Despite Gov. Dayton's claims, medical pot supporters willing to play ball [UPDATE]
Gov. Mark Dayton took to WCCO radio this morning to say that his proposal to research medical marijuana hasn't gotten any love from the advocates of broader legalization. He put the prospects of passing it between "slim and none."
However, those same advocates plan to add part of the Dayton proposal as an amendment and are open to compromising on some points. They contend that the governor's version of a medical marijuana program -- despite his assertions -- would help no one in the immediate future.
Rather than green-light a distribution system for a range of qualifying patients, Dayton is advocating that access to marijuana be forestalled while the state pumps $2.2 million into Mayo Clinic research of CBD -- the non-psychoactive compound in marijuana that has been shown to control infantile seizures in liquid extracts.
His proposed health-impact study, slated to end in February 2016, would draw on the "concerns identified by community representatives and the experience of other states with current medical cannabis programs." Those representatives would make up a 21-person advisory council and include pols, patients, caregivers, counselors, one prosecutor, and three cops.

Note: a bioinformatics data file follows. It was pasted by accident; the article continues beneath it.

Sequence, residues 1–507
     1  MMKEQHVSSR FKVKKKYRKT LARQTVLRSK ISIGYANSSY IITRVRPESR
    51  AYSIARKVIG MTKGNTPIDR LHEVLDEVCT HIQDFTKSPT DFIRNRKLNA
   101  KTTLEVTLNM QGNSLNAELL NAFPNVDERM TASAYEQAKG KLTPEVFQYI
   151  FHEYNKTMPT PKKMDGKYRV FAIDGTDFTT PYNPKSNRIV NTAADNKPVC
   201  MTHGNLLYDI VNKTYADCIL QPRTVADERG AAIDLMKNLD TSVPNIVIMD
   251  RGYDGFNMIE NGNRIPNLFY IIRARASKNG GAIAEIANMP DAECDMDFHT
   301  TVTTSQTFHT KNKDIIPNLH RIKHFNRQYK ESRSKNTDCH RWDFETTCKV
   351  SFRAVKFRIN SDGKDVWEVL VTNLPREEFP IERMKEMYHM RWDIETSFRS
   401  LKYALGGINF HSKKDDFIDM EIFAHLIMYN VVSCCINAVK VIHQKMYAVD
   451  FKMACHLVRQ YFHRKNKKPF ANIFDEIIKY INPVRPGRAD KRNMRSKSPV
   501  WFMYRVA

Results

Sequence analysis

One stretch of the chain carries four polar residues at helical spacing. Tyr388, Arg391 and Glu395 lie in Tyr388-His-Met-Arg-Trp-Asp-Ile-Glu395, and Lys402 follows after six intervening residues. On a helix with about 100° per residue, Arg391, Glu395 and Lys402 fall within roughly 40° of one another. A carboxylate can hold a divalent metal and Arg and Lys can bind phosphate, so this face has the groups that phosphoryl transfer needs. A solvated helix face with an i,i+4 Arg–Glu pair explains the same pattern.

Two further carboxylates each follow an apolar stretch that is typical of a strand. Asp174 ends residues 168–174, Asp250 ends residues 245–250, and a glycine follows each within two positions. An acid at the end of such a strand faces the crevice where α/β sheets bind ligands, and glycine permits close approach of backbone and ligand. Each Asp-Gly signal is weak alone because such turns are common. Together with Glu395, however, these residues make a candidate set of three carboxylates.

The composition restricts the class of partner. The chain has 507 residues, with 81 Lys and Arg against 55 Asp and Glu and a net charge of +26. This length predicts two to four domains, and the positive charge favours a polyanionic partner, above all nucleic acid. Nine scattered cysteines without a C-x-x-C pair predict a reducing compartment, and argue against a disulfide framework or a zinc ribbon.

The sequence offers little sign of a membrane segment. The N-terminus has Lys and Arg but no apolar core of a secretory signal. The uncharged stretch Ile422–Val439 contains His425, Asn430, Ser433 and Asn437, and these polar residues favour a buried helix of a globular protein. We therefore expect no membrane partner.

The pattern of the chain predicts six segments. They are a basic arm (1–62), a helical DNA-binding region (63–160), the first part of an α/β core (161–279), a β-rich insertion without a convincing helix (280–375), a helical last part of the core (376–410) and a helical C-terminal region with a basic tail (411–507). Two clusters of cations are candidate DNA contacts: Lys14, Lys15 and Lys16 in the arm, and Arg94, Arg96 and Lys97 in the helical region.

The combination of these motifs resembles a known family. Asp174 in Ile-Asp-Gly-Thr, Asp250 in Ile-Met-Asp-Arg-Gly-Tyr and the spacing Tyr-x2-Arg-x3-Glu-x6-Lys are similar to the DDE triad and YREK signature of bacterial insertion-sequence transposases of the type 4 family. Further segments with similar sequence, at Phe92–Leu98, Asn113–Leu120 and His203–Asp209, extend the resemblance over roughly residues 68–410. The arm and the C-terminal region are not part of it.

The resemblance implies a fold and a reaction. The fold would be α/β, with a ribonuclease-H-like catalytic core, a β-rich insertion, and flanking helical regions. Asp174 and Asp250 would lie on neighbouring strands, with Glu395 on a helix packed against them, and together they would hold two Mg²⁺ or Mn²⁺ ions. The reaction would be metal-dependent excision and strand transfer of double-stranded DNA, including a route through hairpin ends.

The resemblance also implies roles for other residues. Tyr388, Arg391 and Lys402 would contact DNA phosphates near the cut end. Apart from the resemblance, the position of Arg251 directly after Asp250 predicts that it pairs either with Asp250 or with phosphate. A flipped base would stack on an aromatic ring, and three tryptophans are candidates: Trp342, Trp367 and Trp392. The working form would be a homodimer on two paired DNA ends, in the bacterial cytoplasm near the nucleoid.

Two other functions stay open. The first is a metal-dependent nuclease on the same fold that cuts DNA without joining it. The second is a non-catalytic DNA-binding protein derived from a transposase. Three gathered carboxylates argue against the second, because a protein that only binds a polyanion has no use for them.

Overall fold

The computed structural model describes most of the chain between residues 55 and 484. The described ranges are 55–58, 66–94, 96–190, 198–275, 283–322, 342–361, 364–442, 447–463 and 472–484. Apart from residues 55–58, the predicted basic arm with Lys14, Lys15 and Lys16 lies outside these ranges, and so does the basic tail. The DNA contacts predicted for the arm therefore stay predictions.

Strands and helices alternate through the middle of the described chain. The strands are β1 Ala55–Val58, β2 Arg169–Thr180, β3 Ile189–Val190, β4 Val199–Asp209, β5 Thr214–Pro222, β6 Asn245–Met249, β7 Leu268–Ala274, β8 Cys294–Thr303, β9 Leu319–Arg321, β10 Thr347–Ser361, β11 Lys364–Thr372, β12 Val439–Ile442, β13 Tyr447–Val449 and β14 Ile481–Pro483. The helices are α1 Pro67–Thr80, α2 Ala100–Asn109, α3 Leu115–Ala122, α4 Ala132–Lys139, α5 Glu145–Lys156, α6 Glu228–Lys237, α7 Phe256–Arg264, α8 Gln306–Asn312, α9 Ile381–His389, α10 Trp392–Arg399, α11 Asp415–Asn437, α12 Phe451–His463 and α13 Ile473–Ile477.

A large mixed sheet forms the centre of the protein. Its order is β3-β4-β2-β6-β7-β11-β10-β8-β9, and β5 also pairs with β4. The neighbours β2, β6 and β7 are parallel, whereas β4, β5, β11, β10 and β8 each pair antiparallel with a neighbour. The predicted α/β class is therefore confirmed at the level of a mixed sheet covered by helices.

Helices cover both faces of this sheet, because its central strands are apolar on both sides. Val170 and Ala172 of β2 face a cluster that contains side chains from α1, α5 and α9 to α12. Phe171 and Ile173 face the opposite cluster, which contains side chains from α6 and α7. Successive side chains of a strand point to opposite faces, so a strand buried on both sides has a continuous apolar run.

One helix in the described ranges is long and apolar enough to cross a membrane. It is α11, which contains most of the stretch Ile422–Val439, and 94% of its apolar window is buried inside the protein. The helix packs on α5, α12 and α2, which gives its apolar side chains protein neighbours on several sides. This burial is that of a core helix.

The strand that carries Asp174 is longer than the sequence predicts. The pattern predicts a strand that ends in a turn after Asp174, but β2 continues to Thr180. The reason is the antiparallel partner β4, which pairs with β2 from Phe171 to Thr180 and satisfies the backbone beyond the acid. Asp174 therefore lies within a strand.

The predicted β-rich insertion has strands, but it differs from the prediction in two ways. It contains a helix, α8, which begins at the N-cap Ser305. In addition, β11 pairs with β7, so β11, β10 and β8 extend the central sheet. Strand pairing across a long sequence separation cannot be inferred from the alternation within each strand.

"I would be more than happy to incorporate the governor's study into my medical marijuana bill, in which smoking of marijuana and home cultivation will be prohibited," says Rep. Carly Melin (DFL-Hibbing) in an email, but adds: "I will not accept his proposal as an alternative."
Dayton's radio remarks came hours after the Duluth News Tribune published an op-ed by Angie Weaver, whose daughter suffers from a severe form of epilepsy. Weaver accused the governor of kowtowing to the special interests of law enforcement. She went on to say of a recent meeting with his staff:
We voiced our concerns that this study would take years to implement, would need to wait for federal approval and that half the children would be on placebos... I refuse to wait years while my daughter suffers to get the lifesaving medicine she needs.
The medical marijuana bill could come back up for discussion this week during the House Government Operations Committee.
::: UPDATE :::
Here's a copy of the medical marijuana amendment, which is intended to meet the governor half way. Notably, it adds a civil penalty for smoking and mandates tighter controls over what are now being called "alternative treatment centers" rather than dispensaries.
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